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Could you help me understand what the exact meaning of the second sentence here is? I find the italic part the most bewildering: "That sentence would or should probably cause a double-take for right."

The Metropolitan Museum of Art in New York has just opened a magnificent exhibition of Islamic art of the Seljuqid period. That sentence would or should probably cause a double-take for right at the artistic and intellectual heartland of this beleaguered empire, Americans are celebrating one of the highest summits of Islamic civilization at a time when US Muslims are subject to one of the ugliest phases of Islamophobia in their recent history.

  • It would be better if they had put an extra comma in: "cause a double-take, for right at the [...] heartland" ... – Hellion May 21 '16 at 4:31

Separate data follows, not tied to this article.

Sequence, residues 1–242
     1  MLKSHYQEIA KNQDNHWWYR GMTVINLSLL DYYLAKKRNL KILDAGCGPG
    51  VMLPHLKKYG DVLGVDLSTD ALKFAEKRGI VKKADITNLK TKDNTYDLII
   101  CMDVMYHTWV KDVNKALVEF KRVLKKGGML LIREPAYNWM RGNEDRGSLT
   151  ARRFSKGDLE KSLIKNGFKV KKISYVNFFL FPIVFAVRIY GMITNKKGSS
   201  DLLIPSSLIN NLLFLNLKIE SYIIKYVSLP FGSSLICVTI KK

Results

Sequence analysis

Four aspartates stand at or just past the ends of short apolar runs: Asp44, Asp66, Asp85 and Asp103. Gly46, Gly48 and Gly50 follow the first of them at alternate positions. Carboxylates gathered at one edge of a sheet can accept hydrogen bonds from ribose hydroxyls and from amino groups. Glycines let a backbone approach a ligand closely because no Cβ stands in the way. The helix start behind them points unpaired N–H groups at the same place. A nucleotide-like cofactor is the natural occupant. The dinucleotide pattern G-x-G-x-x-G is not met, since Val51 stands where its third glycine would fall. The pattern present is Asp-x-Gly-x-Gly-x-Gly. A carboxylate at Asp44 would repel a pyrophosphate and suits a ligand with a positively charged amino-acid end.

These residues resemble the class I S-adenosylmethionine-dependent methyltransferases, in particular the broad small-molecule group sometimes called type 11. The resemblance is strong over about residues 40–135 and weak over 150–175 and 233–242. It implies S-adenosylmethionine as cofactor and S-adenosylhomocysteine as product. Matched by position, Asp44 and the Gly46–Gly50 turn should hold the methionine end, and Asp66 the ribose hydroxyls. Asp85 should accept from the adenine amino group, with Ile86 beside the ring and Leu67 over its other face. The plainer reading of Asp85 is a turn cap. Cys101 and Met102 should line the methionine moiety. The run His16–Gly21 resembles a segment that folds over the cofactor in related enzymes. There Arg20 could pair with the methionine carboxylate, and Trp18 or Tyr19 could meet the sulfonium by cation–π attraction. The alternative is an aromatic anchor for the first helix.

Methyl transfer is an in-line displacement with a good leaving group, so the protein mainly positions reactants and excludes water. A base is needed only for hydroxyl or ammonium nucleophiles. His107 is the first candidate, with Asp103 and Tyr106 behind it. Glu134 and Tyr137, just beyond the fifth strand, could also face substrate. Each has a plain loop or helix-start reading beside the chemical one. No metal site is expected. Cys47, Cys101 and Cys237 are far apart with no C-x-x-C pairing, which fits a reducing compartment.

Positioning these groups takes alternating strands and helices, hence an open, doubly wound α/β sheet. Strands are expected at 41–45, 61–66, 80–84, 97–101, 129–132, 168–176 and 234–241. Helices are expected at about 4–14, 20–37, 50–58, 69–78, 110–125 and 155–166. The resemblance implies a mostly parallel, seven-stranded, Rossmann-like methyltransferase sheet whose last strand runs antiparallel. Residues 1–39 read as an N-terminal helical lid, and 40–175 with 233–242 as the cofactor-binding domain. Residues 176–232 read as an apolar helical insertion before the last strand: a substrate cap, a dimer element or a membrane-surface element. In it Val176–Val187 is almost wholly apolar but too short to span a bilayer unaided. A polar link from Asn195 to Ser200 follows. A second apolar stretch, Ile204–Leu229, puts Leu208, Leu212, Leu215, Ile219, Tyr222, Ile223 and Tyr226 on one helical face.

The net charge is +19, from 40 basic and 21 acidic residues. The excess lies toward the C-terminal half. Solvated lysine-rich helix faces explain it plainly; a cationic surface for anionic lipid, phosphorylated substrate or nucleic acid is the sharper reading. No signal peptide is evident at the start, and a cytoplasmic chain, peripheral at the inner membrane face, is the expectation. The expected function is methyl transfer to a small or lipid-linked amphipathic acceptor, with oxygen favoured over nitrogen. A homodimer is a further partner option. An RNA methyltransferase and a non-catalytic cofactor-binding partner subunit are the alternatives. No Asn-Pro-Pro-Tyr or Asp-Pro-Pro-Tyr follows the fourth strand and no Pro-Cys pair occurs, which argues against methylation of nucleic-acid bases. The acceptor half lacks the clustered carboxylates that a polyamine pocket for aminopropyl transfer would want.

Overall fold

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Double-take for right doesn't mean anything because you've spliced together two pieces of two different constituents and asked what the result means. It doesn't.

To better understand this sentence, you need to read for as meaning because, and you should probably put a comma before it.

That sentence would or should probably cause a double-take, because right at the artistic and intellectual heartland. . . .

That's how you need to read it.

Also, do a double-take means "to react with surprise"

  • +1 I hope my edit is welcome. And thank you for correcting my mistake earlier. – NVZ May 21 '16 at 4:43

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